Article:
knot Examples of Knots in Mosaics knot

These type of interleaved knots are usually called Celtic knots. However, when I looked at the book Mosaics of the Greek and Roman World by Katherine M. D. Dunbabin , there are several Celtic knots in the geometric patterns in these mosaics. I think (although I may be wrong) that all knots produced by Celts date after the Roman period, so perhaps they were copying Roman mosaics. In particular, we associate Celtic knots with British and Irish stone crosses and illuminated manuscripts, and British Roman mosaics often used geometric designs. Also, these mosaic designs frequently have outlined, multiple strands, similar to some of the Manx crosses. Remember that both illuminated manuscripts and crosses were religious, and Christianity was spread via the Roman empire, even if the Celtic church and the Roman Catholic church were later opposed.

These patterns are not necessarily to scale. Also, I'm often working from black and white photos, so the colours won't be correct. However, at the bottom of this page, there are some photos from the mosaics at Fishbourne Palace, near Chichester, Sussex (England), which show colour.

Twisted rope patterns

From Woodchester (England)
The twisted rope is the simplest knot of all. In fact perhaps it's too easy to be called a knot, yet it may be the first under-and-over pattern. It is common in Roman mosaics. This version is one of four corners of a frame but there are curved versions as well. The Romans seemed to like shading their knots, yet this can lead to trouble. Note that at the ends, the shading suddenly changes as it passes under a string. You can't use shading on stonework of course, but the illuminated manuscripts seem to avoid shading, presumably for this reason. The Romans seem to care less about whether the pattern was logically consistant. They were more interested in it looking good.

knot knot The twisted rope is quite easy to make a junction - from Hinton St Mary's (England)- now in the British Museum. Some of the mosaics don't have such elegant divisions - in some there is a slight air of desperation to get the string in the direction they want it!
knot knot Cross-overs are also easy. They happen in some mosaics, although others have one rope merely going underneath the other completely.

It's also easy for two knots to combine in a four-way plait and divide again (see right). Far left shows a crossing, although the original is more graceful, as the twisted ropes curve away as parts of two circles. This example also from Hinton St Mary's (England).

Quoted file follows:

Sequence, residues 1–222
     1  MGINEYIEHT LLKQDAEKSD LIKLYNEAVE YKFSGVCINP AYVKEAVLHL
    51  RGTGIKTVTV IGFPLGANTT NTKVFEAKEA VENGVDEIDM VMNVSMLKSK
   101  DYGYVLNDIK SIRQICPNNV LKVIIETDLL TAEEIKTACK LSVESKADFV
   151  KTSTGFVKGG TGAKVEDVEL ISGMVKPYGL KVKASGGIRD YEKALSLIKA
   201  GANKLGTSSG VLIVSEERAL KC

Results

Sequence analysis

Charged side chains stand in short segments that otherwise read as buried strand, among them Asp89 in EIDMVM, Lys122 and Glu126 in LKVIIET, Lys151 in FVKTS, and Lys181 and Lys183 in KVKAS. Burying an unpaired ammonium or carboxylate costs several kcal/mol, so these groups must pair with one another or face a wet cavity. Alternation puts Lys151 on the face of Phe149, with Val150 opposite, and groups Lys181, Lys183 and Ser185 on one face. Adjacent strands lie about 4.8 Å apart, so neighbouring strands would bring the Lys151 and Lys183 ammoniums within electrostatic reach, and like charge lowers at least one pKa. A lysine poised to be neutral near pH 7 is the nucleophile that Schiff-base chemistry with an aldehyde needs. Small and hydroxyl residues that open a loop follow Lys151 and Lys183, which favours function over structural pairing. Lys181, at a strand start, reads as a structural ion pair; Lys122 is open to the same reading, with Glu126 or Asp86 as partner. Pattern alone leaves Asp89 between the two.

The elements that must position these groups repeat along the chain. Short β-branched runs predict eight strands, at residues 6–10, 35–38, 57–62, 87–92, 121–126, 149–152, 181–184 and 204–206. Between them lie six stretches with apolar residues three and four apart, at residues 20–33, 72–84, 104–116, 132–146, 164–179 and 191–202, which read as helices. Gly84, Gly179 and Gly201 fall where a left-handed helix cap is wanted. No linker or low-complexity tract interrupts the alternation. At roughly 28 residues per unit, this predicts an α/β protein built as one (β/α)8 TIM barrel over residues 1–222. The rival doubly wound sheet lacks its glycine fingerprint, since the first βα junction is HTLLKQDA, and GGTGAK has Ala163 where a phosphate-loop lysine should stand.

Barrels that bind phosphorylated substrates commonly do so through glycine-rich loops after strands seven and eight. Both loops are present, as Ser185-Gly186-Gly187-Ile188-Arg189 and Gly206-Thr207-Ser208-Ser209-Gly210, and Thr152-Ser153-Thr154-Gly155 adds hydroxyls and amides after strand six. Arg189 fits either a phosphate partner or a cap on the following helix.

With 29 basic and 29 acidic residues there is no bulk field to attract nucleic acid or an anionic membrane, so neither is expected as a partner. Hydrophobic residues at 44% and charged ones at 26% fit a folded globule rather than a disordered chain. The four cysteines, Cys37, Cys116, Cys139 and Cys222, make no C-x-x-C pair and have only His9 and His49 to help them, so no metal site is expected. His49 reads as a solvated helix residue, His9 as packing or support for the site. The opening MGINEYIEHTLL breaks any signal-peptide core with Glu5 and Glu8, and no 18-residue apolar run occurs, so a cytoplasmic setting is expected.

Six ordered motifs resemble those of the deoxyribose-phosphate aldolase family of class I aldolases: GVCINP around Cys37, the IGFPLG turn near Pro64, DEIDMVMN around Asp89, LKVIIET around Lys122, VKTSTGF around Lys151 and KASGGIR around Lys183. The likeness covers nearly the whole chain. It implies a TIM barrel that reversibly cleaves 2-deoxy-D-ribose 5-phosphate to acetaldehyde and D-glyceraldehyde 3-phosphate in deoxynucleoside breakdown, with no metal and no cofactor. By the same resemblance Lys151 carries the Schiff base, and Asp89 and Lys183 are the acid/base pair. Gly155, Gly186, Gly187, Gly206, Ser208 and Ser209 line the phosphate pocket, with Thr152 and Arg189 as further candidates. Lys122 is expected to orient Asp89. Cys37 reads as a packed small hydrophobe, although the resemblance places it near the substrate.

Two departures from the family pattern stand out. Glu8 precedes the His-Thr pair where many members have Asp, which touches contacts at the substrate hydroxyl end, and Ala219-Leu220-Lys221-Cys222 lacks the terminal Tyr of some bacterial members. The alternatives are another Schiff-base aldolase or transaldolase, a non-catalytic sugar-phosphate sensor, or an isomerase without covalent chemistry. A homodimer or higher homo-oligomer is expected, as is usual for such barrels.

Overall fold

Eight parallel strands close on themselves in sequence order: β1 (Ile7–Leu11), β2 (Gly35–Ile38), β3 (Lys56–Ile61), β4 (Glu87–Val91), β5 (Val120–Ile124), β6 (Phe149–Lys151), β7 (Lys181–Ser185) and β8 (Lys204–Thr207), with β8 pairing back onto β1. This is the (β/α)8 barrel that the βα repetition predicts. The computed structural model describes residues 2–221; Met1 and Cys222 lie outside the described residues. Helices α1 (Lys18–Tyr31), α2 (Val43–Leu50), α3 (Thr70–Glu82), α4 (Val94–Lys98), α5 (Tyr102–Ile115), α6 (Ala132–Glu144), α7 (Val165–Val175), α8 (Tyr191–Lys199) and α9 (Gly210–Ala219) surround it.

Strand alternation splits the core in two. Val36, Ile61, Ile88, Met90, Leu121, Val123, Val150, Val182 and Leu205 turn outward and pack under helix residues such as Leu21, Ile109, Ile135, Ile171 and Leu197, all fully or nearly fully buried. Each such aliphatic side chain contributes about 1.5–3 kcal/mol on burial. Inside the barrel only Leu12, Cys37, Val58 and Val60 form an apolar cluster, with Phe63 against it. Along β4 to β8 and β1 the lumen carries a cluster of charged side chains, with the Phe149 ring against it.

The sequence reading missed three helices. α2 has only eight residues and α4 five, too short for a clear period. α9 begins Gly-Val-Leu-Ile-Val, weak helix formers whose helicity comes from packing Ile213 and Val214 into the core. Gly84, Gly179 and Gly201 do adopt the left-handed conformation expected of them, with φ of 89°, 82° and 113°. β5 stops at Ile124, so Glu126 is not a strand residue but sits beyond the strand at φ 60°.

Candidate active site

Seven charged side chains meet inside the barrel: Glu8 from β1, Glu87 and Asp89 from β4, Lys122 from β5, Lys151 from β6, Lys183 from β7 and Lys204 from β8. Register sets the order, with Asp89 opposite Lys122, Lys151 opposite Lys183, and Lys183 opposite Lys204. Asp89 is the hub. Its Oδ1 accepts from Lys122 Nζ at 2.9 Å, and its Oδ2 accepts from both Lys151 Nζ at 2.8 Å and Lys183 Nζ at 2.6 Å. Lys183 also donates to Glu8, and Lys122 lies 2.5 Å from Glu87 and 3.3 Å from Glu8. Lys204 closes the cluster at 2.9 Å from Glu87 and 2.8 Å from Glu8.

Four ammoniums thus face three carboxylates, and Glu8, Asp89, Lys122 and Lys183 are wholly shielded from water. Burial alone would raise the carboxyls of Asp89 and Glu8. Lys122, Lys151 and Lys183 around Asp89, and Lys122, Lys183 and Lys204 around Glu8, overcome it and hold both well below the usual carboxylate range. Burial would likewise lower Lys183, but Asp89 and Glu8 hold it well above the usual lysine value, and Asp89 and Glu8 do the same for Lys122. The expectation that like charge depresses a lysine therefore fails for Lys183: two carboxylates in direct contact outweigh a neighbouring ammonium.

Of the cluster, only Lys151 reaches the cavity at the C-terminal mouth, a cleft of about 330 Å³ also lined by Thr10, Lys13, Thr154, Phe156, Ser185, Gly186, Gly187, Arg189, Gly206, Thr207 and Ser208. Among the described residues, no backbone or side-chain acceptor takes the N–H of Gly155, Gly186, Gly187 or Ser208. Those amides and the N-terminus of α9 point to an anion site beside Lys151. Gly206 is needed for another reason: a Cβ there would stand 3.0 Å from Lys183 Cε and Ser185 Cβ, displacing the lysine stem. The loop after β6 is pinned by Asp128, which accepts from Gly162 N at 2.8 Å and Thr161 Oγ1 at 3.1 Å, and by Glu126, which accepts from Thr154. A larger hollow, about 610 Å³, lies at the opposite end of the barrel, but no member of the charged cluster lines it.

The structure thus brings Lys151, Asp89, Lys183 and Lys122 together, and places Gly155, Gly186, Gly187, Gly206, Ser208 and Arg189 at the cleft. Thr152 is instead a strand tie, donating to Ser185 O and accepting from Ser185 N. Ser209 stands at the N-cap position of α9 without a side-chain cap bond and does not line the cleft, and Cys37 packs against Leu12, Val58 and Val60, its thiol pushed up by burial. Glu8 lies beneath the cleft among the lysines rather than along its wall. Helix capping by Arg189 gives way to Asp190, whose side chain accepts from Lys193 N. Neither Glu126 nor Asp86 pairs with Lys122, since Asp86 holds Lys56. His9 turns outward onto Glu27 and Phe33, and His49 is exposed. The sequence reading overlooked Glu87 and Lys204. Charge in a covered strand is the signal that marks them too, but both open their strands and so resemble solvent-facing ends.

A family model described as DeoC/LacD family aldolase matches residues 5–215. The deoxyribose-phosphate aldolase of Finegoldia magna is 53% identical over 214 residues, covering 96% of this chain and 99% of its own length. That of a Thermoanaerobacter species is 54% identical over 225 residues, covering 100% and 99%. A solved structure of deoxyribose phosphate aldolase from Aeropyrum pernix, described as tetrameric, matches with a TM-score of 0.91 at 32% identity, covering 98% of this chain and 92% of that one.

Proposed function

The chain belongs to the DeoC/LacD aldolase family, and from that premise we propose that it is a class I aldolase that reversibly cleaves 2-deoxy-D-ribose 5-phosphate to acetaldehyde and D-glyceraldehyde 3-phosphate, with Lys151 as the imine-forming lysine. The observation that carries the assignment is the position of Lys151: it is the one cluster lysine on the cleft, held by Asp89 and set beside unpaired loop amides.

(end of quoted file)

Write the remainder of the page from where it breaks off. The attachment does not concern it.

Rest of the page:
Simple plait patterns (3 way)

knotThis is a simple plait, with three strings.

knot knot From Verulamium (St Albans, England)
Here two 3-way plaits cross over. It looks very convincing, but if you look closely at the cross-over, you will discover that some of the strings disappear. The coloured version explains what is happening. You could make the grey and green strings into one string, but that would leave the centre rather empty. The shading looks more convincing, but in the whole mosaic, the illumination looks as if it comes from the four corners of the room. That might seem strange to modern eyes, which are used to a single light source in the middle of the room, but might make sense to a Roman who would have oil lamps lower down, possibly in the corners.
knot So how can we cross over plaits without losing strings? First, lets remove the surplus string (see left). This leaves a gap in the centre, and also we've lost the over-and-over alternation. If we tidy this up, we get one of a number of solutions to the cross-over problem. However, these all tend to have problems. The orientation of the plaits get altered by the cross-over, and the cross-over becomes staggered, so plaits going into the cross-over are not aligned with those coming out.
knot knot knot knot
Two go off to the left and one to the right (based on above) One goes to the left, one to the right, and one straight on All three go straight on All three go straight on, but less stagger

So we can see why the Romans 'cheated' a solution. Four way plaits have no problem at all (see below). The illuminated manuscript illustrators seem to prefer more complex plaits than 3-way, which gives them a greater choice of patterns. They may have had greater freedom to make any pattern they wanted. The mosaic makers seemed to use specific patterns in required ways, which may have led to impossible requirements, such as the cross-over of 3-way plaits above.

knot knot From Verulamium (St Albans, England)